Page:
The diocese, which has Catholic bishops since the xvii th century, was canonically erected at the Maronite Synod of Mount Lebanon in 1736. United with the eparchy of Byblos since 1678, she became in 1848 the own seat of Patriarch Antioch of the Maronites . On June 9, 1990, she was separated from the eparchy of Byblos and attached to that of Joubbé and Sabra. Finally, on June 5, 1999, the eparchy of Batroun was detached from that of Joubbé and Sabra to become an autonomous ecclesiastical constituency. Since that date, it is no longer the proper seat of the Maronite patriarch.

 Byblos Mosque
Near the historical castle of Byblos town, and in the middle of a garden covered with green grass, stands the Ottoman mosque of the town, in the place where the first Muslims built “el-Fateh Mosque” during the reign of the orthodox caliphs. It was built by the Ottoman sultan “Abdul Majid” in 1057AH/1648AC. The date is graved inside the mosque. Later on, it was renewed by the Emir “Yussuf el-Shehab” in 1197AH/1783AC.
A new section was added to the western side in which stands the door of the hexagonal minaret. This section is three steps higher than the main hall in the middle of which there is a dome. Under the dome stands a stone minbar of six steps. One can have access to the mosque by a flight of stairs overlooking the castle of Byblos and its old Suqs, in the quietness of the nature and the gentle breeze of the near sea.

The Provinces of Qannoubine Valley

Deir Saydet Qannoubin (Monastery of our Lady of Qannoubin) – Qannoubin Valley
In a grandiose and almost wild setting overlooked by the small towns of Blawza and Diman, stands Deir Qannoubin, which from the 15th to the 19th centuries was the residence of the Maronite patriarchs. It is this monastery, (“Kenobion” means “monastery” in Greek) with its atmosphere of piety that gave its name to this part of the valley.
Built into the rock, the monastery’s church is a model of simplicity and austerity. Among its wall paintings, dating from the last two centuries, is a representation of the coronation of the Virgin by the Trinity, an inscription above it in Syriac is from a passage in the Song of Solomon: “Come from Lebanon, my betrothed and you will be crowned”.
A nearby annex to the monastery is the chapel of Saint Marina where 18 Maronite patriarchs are entombed. It is said that Saint Marina was falsely accused and performed long and hard penitence here. Later she was consecrated as the spiritual godmother of the valley.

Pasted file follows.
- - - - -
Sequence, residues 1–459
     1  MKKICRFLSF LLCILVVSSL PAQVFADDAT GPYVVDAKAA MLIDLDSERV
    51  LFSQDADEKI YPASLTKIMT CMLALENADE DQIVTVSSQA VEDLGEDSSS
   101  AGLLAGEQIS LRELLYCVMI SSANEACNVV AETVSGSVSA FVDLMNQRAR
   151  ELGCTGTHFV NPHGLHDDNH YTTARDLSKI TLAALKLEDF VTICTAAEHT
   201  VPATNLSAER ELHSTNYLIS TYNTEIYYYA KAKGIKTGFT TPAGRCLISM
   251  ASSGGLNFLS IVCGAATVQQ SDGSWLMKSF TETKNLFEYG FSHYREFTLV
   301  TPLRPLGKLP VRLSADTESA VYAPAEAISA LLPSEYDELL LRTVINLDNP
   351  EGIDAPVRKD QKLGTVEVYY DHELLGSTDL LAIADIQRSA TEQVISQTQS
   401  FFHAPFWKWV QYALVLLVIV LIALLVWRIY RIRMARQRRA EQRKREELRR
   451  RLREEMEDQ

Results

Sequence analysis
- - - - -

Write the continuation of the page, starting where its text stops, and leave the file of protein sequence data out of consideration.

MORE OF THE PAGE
Churches of Hardine
In Hardine there are around thirty monasteries churches and hermitages: Among the most important of them we mention: the monastery of Saint John El-Chaqf; the Monastery of Saint Stephan; the Monastery of Saint Sarkius (Sergins) el-Qarm (patriarchal seat); the Monastery of Saint Richa (a number of archbishops lived here. —- of them are known today); the Monastery of Saint Fauqa; the church of Saints Sarkis (sergius) and Bacchus (carved in the rock and as the church of Baptisms because it contains the baptisimal font where Saint Nimatallah el-Hardini was baptized; the church of Saint Challita; The church of Saint Nohra; The church of Saint Elias …

Deir Mar Youssef (The covent of Saint Joseph (Jralita) (Santuary of Saint Rafqa) – Jralita. 
The Covent of Jralita is not far away from Kfifane. It lies at the heart of a splendid landscape surrounded by oak trees where silence and solitude overwhelm the beauty of the savage nature.
It is here that the Blessed Sister Rafqa is buried. Born on June 19, 1833, she entered the order of maronite sisters at the age of 39, aspiring to total devotion to God. Her life was one of continual prayer; she asked to participate in Christ’s passion and this grace was accorded her. Her Calvary was to last 29 years and she died a saintly death in 1914 at age 81. Buried in the shaded convent garden, her saintliness was quickly manifest. Her remains were moved to the tomb that still remains in the church and soon it became a place of pilgrimage. On November 17, 1985 she was beatified by the Holy See.
On 10/6/2001, the pope John Paul II proclaimed her saint.